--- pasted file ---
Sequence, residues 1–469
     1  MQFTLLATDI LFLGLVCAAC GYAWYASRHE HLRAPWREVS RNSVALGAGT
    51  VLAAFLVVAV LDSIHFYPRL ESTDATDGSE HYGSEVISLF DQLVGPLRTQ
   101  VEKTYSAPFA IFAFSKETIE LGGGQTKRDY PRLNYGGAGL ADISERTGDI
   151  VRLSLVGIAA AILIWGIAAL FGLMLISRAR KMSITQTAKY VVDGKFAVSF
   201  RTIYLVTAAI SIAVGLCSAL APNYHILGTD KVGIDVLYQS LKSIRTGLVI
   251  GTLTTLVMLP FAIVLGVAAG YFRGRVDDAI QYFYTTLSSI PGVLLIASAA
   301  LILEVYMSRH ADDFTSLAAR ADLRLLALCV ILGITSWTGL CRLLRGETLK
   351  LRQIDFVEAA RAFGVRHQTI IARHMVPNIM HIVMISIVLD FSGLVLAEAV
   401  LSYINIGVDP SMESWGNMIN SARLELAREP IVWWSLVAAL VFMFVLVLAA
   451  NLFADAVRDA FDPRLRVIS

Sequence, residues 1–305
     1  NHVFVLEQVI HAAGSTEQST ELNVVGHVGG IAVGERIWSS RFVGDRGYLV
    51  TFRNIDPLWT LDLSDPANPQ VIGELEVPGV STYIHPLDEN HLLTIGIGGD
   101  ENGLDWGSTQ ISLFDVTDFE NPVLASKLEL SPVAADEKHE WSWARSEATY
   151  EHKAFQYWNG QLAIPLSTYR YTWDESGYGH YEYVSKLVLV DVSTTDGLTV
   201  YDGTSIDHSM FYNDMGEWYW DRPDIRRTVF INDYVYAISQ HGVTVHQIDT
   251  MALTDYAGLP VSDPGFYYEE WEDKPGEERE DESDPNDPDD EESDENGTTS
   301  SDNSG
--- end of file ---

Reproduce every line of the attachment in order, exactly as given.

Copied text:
Sequence, residues 1–469
     1  MQFTLLATDI LFLGLVCAAC GYAWYASRHE HLRAPWREVS RNSVALGAGT
    51  VLAAFLVVAV LDSIHFYPRL ESTDATDGSE HYGSEVISLF DQLVGPLRTQ
   101  VEKTYSAPFA IFAFSKETIE LGGGQTKRDY PRLNYGGAGL ADISERTGDI
   151  VRLSLVGIAA AILIWGIAAL FGLMLISRAR KMSITQTAKY VVDGKFAVSF
   201  RTIYLVTAAI SIAVGLCSAL APNYHILGTD KVGIDVLYQS LKSIRTGLVI
   251  GTLTTLVMLP FAIVLGVAAG YFRGRVDDAI QYFYTTLSSI PGVLLIASAA
   301  LILEVYMSRH ADDFTSLAAR ADLRLLALCV ILGITSWTGL CRLLRGETLK
   351  LRQIDFVEAA RAFGVRHQTI IARHMVPNIM HIVMISIVLD FSGLVLAEAV
   401  LSYINIGVDP SMESWGNMIN SARLELAREP IVWWSLVAAL VFMFVLVLAA
   451  NLFADAVRDA FDPRLRVIS

Sequence, residues 1–305
     1  NHVFVLEQVI HAAGSTEQST ELNVVGHVGG IAVGERIWSS RFVGDRGYLV
    51  TFRNIDPLWT LDLSDPANPQ VIGELEVPGV STYIHPLDEN HLLTIGIGGD
   101  ENGLDWGSTQ ISLFDVTDFE NPVLASKLEL SPVAADEKHE WSWARSEATY
   151  EHKAFQYWNG QLAIPLSTYR YTWDESGYGH YEYVSKLVLV DVSTTDGLTV
   201  YDGTSIDHSM FYNDMGEWYW DRPDIRRTVF INDYVYAISQ HGVTVHQIDT
   251  MALTDYAGLP VSDPGFYYEE WEDKPGEERE DESDPNDPDD EESDENGTTS
   301  SDNSG